by David Masters | Fair Home.co.uk
The British Government has pledged to cut the UK’s carbon emissions 80% by 2050 compared to 1990 levels.
This replaces the former target of reducing carbon output 60% by the middle of the century.
Ed Miliband, recently appointed as the new energy and climate change secretary, announced the new targets this week to MPs in Westminster.
Miliband said that turmoil on the world’s financial market should not be an excuse for Britain to ignore its commitment to tackle climate change.
The new targets mean that the government has accepted the recommendations of the Climate Change Committee, chaired by Lord Turner.
Last week the committee told the government that the UK should commit to an 80% reduction in greenhouse gases compared to 1990 levels, and that the commitment should cover all sectors of the economy.
In addition, Miliband announced plans to change the Energy Bill so that small scale renewable projects are offered more support.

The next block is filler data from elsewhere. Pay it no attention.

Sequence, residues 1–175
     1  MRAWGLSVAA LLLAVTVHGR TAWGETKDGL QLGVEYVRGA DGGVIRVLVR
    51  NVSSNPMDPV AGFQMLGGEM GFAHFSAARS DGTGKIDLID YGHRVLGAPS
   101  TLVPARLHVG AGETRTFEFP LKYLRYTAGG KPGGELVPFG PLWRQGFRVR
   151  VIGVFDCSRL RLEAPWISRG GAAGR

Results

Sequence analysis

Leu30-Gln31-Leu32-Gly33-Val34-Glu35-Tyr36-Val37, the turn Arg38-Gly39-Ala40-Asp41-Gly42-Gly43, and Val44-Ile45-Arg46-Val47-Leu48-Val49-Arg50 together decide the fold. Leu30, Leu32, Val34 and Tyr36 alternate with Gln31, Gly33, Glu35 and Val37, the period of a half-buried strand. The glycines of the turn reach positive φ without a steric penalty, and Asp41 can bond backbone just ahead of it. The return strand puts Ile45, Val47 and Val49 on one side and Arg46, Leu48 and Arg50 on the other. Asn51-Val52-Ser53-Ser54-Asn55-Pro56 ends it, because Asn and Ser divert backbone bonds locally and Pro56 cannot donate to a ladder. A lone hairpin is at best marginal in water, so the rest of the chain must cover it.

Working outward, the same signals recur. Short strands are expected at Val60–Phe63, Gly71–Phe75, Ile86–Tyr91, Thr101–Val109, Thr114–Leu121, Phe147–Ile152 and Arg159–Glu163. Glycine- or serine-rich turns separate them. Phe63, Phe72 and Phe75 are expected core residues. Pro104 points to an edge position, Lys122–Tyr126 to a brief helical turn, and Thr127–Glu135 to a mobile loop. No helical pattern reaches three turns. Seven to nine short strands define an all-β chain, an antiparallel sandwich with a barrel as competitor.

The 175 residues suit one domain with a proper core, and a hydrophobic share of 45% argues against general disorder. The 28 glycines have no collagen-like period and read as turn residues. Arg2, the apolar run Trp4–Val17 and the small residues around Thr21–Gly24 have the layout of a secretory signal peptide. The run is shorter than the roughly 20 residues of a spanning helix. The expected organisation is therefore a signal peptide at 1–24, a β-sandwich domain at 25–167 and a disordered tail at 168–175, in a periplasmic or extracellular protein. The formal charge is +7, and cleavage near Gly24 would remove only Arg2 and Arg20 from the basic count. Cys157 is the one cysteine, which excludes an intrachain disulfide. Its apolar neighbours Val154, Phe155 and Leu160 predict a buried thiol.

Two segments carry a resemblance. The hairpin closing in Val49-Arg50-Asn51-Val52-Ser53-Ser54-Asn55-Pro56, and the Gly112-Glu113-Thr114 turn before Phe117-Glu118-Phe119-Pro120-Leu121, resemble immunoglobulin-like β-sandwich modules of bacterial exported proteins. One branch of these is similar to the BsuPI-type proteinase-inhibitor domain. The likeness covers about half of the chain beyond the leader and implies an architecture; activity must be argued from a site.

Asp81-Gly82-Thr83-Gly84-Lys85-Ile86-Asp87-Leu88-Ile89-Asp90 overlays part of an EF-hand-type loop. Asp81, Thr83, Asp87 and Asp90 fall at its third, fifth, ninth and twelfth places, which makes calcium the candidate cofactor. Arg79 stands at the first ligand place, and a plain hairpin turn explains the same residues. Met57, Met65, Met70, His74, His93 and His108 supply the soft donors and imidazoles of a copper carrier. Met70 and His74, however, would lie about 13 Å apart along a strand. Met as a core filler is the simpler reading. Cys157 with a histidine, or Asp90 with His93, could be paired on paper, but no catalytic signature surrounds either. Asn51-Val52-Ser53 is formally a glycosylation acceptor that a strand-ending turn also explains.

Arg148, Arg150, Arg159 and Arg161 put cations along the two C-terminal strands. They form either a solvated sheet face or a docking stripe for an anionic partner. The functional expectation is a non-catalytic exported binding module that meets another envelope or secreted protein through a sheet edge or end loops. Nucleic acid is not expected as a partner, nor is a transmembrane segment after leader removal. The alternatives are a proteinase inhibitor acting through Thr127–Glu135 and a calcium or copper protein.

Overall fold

He also warned energy companies that unless something is done to end overcharging on prepayment energy meters then the government will step in with new legislation.
Environmental campaigners have welcomed the pledge to further reduce carbon emissions.
Doug Parr, chief scientist at Greenpeace, said the government’s new commitment is encouraging and internationally significant.
He added that meeting the targets will require determined action from the current Labour government and all future governments, as well as the British population.
However, some environmental groups have been more cautious in welcoming the proposed changes.
World Development Movement, the RSPB, Christian Aid, and WWF all said the government must do more to cut emissions in the UK rather than buying in carbon credits from overseas.